In most systems, the interface between the wafer and the wafer chuck is approximately a zero stress interface at the time of clamping. This means that there is no force on the interface to counteract the frictional force between the wafer and the wafer chuck. When the wafer is exposed, energy in the exposure beam heats the wafer and causes the wafer to expand. When some parts of the wafer are being exposed while others are not, the expansion causes the wafer to slip if it is not sufficiently clamped. Slipping occurs because the thermally-induced expansion stress exceeds the frictional force holding the wafer in place. This introduces error into the system. In a system where electrostatic clamping is used, the frictional force is low, and the expansion stress does not need to be very large to overcome the frictional force.
For EUV systems, wafer heating is likely to be higher than in non-EUV systems. This is a result of a significant amount of non-exposure energy included in the EUV exposure beam being transferred to the wafer. Most of this energy is in the form of infrared (“IR”) radiation. In some exposures, IR energy at the wafer may equal that of the energy needed to expose the wafer (also referred to as the “dose energy”). This effectively doubles the heating at the wafer compared to non-EUV systems.
These factors result in a situation where there is 1/10 to 1/15 the resistance to slipping as compared to a vacuum system, and twice the heating. Wafer slipping thus becomes much more likely, causing the dose limit determined by overlay to be small in comparison with the dose allowed for non-EUV systems.
In step 102, a wafer is attached to a wafer chuck in a lithography system. In one embodiment, the wafer is attached using electrostatic clamping. In another embodiment, the wafer is attached using vacuum clamping.
In step 104, the wafer chuck is uniformly expanded. This creates an initial stress on the interface between the wafer and the wafer chuck. During exposure, due to heat transfer, the size of a wafer increases with respect to the wafer chuck. By expanding the wafer chuck prior to exposure, the size of the wafer is effectively decreased with respect to the chuck. Therefore, the initial stress caused by wafer chuck expansion is opposite the stress caused by wafer expansion. The initial stress may be almost equal to the frictional force between the wafer and the wafer chuck. In this embodiment, additional stress would overcome the frictional force, and cause the wafer to slip prior to exposure. However, by keeping the initial stress just below the magnitude of the frictional force, slippage is prevented.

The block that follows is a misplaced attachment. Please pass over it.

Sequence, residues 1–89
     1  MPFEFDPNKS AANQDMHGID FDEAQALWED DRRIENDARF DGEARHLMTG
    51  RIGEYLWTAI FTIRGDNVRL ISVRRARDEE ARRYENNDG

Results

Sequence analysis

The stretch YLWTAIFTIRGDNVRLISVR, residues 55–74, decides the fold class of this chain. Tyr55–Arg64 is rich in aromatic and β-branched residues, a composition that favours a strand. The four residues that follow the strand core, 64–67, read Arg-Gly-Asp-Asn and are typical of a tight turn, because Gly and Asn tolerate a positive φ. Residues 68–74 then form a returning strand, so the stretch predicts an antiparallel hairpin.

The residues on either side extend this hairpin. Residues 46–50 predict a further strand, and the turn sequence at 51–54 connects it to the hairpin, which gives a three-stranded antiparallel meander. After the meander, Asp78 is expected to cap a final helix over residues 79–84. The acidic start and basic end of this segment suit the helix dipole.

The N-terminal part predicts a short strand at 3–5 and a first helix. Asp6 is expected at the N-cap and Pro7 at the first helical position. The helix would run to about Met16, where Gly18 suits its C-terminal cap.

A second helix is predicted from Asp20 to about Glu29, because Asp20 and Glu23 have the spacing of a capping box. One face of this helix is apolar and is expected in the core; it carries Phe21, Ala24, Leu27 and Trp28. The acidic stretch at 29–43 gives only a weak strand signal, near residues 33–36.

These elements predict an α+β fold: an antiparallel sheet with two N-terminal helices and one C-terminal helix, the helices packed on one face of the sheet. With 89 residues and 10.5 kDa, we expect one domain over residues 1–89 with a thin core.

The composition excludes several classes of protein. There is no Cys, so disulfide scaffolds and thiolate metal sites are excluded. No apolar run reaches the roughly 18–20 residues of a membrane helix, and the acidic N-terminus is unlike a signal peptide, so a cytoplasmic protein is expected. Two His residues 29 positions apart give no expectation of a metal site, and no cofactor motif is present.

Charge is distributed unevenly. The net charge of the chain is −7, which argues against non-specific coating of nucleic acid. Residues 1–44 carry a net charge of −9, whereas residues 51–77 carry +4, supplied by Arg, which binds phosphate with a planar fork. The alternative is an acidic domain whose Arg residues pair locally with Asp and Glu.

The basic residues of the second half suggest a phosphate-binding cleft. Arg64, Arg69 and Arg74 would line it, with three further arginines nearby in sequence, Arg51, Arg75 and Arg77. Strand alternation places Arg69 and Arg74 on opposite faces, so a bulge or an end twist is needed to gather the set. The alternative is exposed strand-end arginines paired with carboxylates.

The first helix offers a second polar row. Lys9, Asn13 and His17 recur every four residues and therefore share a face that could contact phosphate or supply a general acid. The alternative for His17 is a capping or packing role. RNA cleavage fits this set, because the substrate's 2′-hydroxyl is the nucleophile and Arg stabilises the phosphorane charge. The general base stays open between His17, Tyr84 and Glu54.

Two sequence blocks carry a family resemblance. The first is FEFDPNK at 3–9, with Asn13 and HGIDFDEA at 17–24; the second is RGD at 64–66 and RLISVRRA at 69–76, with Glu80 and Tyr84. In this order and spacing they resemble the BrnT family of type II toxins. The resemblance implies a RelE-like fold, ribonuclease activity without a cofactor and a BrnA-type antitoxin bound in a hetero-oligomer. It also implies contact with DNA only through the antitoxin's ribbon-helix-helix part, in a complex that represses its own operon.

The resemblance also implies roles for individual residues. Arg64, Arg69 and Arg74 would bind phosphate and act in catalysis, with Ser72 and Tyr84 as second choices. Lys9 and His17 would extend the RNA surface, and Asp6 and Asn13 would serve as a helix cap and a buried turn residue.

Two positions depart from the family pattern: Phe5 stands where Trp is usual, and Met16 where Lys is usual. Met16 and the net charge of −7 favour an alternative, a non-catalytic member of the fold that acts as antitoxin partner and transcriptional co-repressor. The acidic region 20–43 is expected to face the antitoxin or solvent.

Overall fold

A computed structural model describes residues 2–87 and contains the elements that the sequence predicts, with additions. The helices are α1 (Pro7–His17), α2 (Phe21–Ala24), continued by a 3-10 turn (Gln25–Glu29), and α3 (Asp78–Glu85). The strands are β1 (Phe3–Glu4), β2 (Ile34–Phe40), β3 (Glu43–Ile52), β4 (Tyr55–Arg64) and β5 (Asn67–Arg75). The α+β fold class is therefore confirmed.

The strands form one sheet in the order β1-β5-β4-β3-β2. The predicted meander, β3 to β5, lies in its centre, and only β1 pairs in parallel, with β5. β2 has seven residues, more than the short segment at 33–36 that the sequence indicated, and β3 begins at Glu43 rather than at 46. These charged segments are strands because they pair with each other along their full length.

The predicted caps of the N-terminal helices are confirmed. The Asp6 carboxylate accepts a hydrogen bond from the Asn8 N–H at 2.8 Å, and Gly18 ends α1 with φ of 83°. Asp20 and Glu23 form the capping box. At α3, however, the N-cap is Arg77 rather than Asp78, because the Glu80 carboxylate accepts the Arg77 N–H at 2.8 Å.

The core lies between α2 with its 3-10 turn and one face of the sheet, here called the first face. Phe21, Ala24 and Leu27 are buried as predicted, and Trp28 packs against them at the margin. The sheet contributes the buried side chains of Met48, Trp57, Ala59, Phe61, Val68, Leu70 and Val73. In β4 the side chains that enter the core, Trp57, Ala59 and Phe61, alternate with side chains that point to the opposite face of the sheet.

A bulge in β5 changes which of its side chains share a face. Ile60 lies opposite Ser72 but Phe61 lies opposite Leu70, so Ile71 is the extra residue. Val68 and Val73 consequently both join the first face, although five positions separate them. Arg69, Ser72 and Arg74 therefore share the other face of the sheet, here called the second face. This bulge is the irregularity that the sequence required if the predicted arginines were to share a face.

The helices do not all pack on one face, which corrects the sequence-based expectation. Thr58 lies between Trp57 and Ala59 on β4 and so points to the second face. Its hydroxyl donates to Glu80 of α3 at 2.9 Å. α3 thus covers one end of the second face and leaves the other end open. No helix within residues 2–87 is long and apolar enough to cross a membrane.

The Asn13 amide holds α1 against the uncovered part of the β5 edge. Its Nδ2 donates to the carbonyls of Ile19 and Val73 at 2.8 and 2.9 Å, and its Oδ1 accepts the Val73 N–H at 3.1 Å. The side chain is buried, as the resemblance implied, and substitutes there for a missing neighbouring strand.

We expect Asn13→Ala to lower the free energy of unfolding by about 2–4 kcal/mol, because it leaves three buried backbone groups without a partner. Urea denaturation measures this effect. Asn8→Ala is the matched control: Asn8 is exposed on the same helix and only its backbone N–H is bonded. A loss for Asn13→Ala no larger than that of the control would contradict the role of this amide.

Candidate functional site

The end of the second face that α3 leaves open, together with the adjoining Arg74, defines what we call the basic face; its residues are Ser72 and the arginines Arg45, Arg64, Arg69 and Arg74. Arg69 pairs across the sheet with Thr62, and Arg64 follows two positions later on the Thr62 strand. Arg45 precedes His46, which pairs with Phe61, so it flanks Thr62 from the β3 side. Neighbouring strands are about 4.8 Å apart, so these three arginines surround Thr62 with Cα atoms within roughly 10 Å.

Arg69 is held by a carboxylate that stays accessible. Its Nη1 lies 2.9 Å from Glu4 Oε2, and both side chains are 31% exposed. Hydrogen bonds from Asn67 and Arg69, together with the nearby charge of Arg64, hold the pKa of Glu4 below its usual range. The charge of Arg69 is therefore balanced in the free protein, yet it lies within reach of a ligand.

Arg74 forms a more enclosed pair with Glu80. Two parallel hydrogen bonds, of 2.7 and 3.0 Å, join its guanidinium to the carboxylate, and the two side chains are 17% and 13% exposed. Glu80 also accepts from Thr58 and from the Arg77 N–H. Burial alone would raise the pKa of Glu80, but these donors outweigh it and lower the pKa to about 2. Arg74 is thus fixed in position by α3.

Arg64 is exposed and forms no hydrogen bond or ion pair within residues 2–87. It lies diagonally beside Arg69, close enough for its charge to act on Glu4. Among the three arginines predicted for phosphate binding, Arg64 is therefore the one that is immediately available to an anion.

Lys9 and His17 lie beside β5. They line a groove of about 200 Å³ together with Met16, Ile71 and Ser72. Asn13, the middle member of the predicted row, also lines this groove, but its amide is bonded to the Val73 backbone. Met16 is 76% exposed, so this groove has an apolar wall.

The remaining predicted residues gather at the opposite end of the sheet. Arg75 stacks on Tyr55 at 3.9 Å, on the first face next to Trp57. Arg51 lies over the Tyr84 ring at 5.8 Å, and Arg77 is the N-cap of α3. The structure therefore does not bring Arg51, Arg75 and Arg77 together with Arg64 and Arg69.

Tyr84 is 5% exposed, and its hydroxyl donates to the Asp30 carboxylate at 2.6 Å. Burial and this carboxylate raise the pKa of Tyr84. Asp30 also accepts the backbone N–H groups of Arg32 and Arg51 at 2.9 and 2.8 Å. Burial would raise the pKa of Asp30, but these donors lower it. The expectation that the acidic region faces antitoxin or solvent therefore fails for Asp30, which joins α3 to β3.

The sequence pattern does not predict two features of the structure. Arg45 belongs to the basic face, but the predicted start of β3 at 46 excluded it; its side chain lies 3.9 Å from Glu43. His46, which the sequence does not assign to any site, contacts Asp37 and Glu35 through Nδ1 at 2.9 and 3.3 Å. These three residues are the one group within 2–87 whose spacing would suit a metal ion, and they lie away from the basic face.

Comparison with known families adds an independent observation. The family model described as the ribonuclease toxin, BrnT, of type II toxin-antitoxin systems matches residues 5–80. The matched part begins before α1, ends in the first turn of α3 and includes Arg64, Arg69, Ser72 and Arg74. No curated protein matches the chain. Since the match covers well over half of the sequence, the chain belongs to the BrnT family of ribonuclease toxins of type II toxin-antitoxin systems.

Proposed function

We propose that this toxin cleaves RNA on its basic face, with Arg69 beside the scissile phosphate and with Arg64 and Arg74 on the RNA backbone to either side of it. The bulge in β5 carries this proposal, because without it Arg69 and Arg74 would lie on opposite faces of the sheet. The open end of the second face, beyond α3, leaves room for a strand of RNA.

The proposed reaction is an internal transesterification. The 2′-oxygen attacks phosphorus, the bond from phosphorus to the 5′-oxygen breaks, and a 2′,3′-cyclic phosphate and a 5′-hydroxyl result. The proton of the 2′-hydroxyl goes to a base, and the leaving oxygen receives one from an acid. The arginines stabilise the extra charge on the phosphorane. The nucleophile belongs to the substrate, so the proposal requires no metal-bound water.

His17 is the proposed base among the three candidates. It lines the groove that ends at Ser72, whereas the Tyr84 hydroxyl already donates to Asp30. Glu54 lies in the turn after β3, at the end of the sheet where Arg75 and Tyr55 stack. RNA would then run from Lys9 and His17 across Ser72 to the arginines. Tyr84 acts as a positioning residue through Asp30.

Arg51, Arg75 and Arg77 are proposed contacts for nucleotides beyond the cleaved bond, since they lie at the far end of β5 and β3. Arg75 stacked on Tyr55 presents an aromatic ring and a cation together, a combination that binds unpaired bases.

In step 106, the wafer is aligned to the wafer stage of a lithography system. This alignment centers the wafer in an exposure beam path, and ensures proper focus and alignment of a lithography pattern during exposure.
In step 108, the wafer is exposed, causing the wafer to expand. Because the expansion stress is opposite that of the initial stress, expanding the wafer first acts to relieve the initial stress. Only after relieving the initial stress is a new expansion stress created as a result of the wafer getting larger with respect to the wafer chuck.
If the initial stress is almost equal to the frictional force between the wafer and the wafer chuck, the exposure dose may be almost doubled compared to a system having no initial stress.
In a preferred embodiment, wafer 202 is a round wafer. In this embodiment, wafer 202 expands uniformly while heating. Since the expansion is uniform, there is no imbalance of the inward force on wafer 202, and the likelihood of slipping is lessened. Further, if the wafer expands uniformly, the exposure pattern can be magnified to compensate for the change in size. Compensation would be difficult if sections of the wafer expanded non-uniformly.
In a further embodiment, wafer 202 is heated before being attached to wafer chuck 204, so that it is warmer than wafer chuck 204. In this embodiment, when wafer 202 is attached to wafer chuck 204, they reach thermal equilibrium. As wafer 202 cools, it contracts and thus creates an initial stress opposite that of an expansion force.
In each of the heating embodiments, a temperature sensor can be mounted on wafer stage 204 to monitor the expansion. A control circuit may be attached to the heater to precisely control or adjust the heating process.
While various embodiments of the present invention have been described above, it should be understood that they have been presented by way of example only, and not limitation. It will be apparent to persons skilled in the relevant art that various changes in form and detail can be made therein without departing from the spirit and scope of the invention. Thus, the breadth and scope of the present invention should not be limited by any of the above-described exemplary embodiments, but should be defined only in accordance with the following claims and their equivalents.